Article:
WASHINGTON (Reuters) - U.S. Senator Carl Levin is preparing a last push to bring Wall Street’s big commodity traders to heel during his final months in office, wrapping up a nearly two year-long probe that could potentially reveal abuses in energy and metals markets.
Executives from those companies may appear at a hearing as early as September, during which Levin’s Permanent Subcommittee on Investigations would present the findings of the probe, the sources said.
Spokesmen for Goldman and JPMorgan declined to comment.
Specifically, Senate investigators have explored whether Wall Street has abused its commodities holdings at the expense of clients, consumers, the environment or the health of the market, according to the people familiar with the probe.
The probe’s findings and the possible hearing will add to the scrutiny Wall Street firms have already faced from the Federal Reserve and from other lawmakers over whether it is appropriate for banks to maintain vast holdings in metals warehouses and other physical commodities businesses.
Companies including MillerCoors LLC and The Coca-Cola Co (KO.N), for example, have accused warehouses and their owners of distorting supplies, inflating the prices of aluminum, and costing consumers billions of extra dollars annually.
Wall Street has found it lucrative to have a hand in both the trading and delivery of commodities but some investment banks have retreated from parts of the businesses as they have become the focus of lawsuits, regulatory scrutiny and public outrage.
JPMorgan has sold its physical trading business and Goldman is selling its metals storage company but the banks have not dropped all such holdings.
Banks’ commodities businesses is one of the final targets for Levin, who is retiring at the end of this year after serving on the powerful investigations panel for around 15 years.
Levin said in an interview on Thursday that he expects to conclude his work on Wall Street and commodity investments before he departs.
“We are looking at the physical commodities issue. There may be one other (issue to investigate), but I don’t want to say what it might be,” said Levin, a Michigan Democrat. He declined to elaborate.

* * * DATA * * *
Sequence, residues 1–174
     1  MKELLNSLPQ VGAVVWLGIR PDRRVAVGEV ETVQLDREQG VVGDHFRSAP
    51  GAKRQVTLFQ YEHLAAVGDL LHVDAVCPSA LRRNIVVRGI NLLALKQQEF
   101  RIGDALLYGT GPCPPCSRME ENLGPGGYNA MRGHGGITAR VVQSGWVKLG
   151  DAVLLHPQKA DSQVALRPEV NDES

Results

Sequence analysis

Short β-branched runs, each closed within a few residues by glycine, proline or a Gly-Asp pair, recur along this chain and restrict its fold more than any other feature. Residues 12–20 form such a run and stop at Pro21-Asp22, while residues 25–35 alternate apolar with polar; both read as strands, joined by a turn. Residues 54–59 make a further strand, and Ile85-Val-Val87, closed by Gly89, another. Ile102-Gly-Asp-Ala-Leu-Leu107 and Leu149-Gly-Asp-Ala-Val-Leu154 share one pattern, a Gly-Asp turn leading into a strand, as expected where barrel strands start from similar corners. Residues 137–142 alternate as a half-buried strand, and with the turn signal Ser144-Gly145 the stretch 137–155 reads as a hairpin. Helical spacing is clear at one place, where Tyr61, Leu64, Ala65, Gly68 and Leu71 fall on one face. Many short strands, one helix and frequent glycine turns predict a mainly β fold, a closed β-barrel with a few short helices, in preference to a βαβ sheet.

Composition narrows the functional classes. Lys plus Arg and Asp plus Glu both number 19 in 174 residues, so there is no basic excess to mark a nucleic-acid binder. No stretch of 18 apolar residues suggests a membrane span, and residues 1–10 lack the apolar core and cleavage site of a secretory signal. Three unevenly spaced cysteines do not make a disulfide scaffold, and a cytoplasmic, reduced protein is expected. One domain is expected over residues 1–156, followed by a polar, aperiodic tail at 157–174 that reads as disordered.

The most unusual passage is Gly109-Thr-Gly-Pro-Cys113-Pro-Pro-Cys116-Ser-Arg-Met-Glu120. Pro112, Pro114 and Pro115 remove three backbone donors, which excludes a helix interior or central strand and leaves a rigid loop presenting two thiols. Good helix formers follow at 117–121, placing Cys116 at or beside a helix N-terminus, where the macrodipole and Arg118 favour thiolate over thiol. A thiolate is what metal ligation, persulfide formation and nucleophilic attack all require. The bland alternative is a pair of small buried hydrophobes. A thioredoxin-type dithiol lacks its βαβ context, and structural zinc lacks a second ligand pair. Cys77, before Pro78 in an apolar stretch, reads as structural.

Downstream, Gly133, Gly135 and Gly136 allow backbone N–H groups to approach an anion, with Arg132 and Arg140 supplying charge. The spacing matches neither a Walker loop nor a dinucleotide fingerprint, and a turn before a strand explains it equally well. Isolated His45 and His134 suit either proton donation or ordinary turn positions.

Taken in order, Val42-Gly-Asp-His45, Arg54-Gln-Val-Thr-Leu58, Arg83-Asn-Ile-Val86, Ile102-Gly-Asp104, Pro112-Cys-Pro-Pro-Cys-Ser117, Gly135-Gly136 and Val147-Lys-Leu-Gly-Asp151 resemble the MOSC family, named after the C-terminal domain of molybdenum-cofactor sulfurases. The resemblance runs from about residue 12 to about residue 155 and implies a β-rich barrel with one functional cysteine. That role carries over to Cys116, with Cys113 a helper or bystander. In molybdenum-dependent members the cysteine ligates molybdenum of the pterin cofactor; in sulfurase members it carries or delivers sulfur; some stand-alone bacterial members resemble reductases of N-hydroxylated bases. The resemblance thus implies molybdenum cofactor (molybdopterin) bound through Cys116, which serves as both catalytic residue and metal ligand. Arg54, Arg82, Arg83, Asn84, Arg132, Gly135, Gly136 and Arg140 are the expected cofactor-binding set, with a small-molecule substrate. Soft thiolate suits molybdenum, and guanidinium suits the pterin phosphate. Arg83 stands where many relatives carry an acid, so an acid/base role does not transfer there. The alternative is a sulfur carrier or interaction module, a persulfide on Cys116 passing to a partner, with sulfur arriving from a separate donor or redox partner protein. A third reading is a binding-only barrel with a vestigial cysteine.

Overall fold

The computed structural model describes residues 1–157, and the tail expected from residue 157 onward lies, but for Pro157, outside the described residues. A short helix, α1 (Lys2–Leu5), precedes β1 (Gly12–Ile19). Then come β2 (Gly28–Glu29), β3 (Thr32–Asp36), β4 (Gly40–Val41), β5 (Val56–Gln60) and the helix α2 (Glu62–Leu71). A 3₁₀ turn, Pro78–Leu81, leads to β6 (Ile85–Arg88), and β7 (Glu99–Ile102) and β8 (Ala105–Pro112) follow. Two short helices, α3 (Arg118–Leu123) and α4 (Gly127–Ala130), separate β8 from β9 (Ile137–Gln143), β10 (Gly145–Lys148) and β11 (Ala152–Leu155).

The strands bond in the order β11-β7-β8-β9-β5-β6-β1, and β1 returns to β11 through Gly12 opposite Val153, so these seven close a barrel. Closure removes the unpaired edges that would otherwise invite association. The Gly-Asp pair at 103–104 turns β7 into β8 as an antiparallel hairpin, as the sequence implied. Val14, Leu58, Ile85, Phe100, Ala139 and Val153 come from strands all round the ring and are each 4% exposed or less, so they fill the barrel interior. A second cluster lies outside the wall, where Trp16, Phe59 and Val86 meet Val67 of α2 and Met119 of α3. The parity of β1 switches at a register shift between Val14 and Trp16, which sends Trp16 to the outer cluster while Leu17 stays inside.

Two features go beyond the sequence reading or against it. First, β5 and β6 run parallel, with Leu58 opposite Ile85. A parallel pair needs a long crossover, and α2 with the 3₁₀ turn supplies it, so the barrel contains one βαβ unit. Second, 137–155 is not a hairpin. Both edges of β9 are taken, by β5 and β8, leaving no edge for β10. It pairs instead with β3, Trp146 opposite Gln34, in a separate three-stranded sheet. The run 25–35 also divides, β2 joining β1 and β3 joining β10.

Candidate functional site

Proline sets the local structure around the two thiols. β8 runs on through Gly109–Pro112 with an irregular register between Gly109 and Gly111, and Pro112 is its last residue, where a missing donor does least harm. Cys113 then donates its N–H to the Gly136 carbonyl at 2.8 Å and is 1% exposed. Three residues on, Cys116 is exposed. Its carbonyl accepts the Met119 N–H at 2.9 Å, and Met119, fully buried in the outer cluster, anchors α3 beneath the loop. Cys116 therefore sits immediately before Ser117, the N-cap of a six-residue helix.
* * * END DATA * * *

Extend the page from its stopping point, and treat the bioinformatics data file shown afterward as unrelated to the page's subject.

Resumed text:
Levin’s panel began examining the commodities market in late 2012, after several months of growing complaints from metals users and following a Reuters story that highlighted a behind-the-scenes struggle between the banks and the Fed over commodity trading.
A front-page New York Times story and a Senate Banking subcommittee hearing in mid-2013 added to the pressure, and the Fed said early this year that it was likely to push forward with new measures to limit banks’ involvement in the raw materials supply chain.
While the Fed has examined whether Wall Street’s broad ownership of mines, wells or other physical assets could present a risk to a bank’s solvency, Levin said his questions go deeper.
“We are looking at many aspects of physical commodities... It is broader than safety and soundness,” Levin said, using a regulatory term for bank stability.
The Senate returns from summer recess in early September and sources said a hearing on the commodity issue is likely in the second or third week of that month.
Levin took control of the oversight panel for the second time in 2007 and has often excoriated Wall Street executives about their business tactics, use of tax loopholes and other perceived abuses.
Over four, politically-charged hearings in April 2010, Levin summoned regulators and Wall Street executives to answer for their behavior during the global financial crisis.
In March 2013, he grilled executives from JPMorgan about trades that led to $6.2 billion losses known as the “London whale” trades.
Such hearings can shine an important spotlight on regulatory failings and wrongdoing, Levin said.
Additional reporting by Douwe Miedema David Lawder in Washington; Editing by Karey Van Hall and Frances Kerry